Netflix recommendation: 6 Years
Written and directed by: Hannah Fidell
Mark and Jay Duplass are taking over the indie film world by co-producing one honest, improvised, naturalistic film after another. This time around, they bring us Hannah Fidell (“A Teacher”) film “6 Years”. Like most films the brotherly production duo peg, “6 Years” stars an extremely talented cast of slightly lesser known (at least outside of the indie circuit) actors, playing emotionally demanding roles, with a loosely structured script.
Dan (Rosenfield) and Melanie (Farmiga) grew up next door to each other, fell in love with each other and, as most high school sweethearts who believe they will be together forever do, are drifting apart from each other. Melanie still has another year left in school, Dan is finishing up a promising internship at a record label company. Melanie has a difficult time functioning without Dan by her side, Dan craves space and the attention of an alluring co-worker (Lindsay Burdge who also played the seductive lead in Fidell’s 2012 film “A Teacher”). They argue, sometimes violently, about anything and everything and later sweetly make up with one another, even though permanent scars are left from the harsh things that were said and done.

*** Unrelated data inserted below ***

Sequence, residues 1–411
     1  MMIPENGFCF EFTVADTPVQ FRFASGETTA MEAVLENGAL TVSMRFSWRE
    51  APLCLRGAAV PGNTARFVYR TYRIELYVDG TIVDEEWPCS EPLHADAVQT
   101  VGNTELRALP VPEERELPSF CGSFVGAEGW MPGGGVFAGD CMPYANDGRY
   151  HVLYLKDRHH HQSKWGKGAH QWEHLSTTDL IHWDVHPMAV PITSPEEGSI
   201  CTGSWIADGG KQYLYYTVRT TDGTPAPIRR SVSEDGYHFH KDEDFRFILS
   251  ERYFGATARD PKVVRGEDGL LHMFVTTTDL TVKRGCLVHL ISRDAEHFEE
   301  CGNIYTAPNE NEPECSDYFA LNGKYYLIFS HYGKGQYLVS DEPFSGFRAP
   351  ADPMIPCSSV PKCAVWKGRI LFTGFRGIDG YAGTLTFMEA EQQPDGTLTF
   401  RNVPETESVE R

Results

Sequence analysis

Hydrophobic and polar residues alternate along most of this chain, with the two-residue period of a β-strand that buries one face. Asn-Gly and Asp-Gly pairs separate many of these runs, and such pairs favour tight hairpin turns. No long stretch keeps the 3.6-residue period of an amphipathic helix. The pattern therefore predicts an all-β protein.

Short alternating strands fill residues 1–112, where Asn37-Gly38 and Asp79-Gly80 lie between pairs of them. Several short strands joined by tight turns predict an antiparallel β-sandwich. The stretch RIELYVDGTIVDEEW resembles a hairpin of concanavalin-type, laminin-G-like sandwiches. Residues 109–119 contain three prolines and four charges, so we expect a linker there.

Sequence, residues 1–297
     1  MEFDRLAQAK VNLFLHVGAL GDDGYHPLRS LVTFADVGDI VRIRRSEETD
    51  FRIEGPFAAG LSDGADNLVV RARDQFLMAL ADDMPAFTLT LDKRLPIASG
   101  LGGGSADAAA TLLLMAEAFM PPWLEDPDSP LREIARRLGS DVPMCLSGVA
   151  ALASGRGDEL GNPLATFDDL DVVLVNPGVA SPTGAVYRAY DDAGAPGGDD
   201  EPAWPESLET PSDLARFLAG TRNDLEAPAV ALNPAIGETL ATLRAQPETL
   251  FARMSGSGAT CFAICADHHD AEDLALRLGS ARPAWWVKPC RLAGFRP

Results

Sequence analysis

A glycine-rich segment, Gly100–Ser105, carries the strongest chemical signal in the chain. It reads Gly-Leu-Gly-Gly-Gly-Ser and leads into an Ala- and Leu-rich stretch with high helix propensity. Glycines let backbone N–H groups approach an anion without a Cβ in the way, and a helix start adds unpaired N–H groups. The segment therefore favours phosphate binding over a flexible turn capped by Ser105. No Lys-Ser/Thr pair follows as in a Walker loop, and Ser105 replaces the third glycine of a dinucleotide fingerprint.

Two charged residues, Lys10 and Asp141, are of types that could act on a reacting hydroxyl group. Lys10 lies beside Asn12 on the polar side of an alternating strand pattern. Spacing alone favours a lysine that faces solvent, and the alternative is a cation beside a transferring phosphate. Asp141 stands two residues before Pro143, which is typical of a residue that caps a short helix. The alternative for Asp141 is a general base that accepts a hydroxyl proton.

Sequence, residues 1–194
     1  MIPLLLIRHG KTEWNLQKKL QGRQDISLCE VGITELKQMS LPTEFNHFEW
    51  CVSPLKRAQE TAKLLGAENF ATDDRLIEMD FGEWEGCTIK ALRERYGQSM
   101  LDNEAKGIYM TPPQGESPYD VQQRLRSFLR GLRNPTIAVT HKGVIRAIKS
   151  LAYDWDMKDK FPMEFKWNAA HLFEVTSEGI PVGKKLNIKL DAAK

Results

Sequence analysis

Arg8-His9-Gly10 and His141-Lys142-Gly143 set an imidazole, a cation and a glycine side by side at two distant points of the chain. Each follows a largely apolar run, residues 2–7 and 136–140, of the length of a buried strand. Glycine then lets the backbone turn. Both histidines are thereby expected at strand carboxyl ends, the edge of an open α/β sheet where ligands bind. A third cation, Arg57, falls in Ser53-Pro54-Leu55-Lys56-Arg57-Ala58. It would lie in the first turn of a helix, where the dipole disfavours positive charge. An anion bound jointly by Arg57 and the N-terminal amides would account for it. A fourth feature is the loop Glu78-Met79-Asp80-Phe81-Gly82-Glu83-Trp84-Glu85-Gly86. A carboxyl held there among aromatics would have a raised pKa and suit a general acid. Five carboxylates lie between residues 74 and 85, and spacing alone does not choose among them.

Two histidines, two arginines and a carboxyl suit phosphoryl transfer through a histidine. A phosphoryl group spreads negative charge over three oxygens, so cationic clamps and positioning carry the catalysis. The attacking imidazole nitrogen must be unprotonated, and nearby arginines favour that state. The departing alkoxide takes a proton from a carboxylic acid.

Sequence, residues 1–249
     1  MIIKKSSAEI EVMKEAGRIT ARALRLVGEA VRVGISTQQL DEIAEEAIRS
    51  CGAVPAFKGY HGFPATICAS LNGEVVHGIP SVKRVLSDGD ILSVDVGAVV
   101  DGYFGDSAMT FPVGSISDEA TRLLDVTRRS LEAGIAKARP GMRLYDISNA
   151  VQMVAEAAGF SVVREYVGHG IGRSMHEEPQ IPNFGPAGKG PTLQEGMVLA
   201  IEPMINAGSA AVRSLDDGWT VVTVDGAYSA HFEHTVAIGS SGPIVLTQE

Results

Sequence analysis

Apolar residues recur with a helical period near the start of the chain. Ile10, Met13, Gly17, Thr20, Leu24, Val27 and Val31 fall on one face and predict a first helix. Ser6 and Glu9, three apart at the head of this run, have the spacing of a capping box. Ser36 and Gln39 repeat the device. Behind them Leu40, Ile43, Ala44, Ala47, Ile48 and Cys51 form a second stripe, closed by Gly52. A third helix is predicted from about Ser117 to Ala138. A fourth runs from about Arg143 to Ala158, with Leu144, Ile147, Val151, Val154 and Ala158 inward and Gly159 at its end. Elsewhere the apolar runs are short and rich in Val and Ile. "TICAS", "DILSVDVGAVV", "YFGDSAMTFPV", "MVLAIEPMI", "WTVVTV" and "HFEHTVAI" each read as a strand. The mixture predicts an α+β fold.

One by one, the stresses and distractions of transitioning into adult life strain the relationship between the two. The final straw snaps when Dan receives a job offer at the record label. Amanda (Burdge) and Dan’s mother push him to take it and not look back. The only catch is the job is in Brooklyn, NY and far away from Dan and Melanie’s shared home town of Austin, TX.
Fidell does an excellent job at showing restrain but still forming a sad story of a fairy tale love during it’s death rattle. And, boy do Farmiga and Rosenfield help her out with that! It is a difficult task for young actors to develop the sort of on screen chemistry that makes you believe they may have in fact known each other their whole lives, but they do just that. Dan and Melanie know the each others facial tics and voice inflections, so much so that not many words are needed for them to know what the other is feeling, thinking, or even trying to hide.
“6 Years” is, like many films before it, about the ending of a young, flawed relationship. The powerful performances and Fidell’s capable directing and ability to steer her film away from cliches set it apart from other films of it’s kind. It is one of the better relationship dramas I have seen recently, and is now available on Netflix streaming.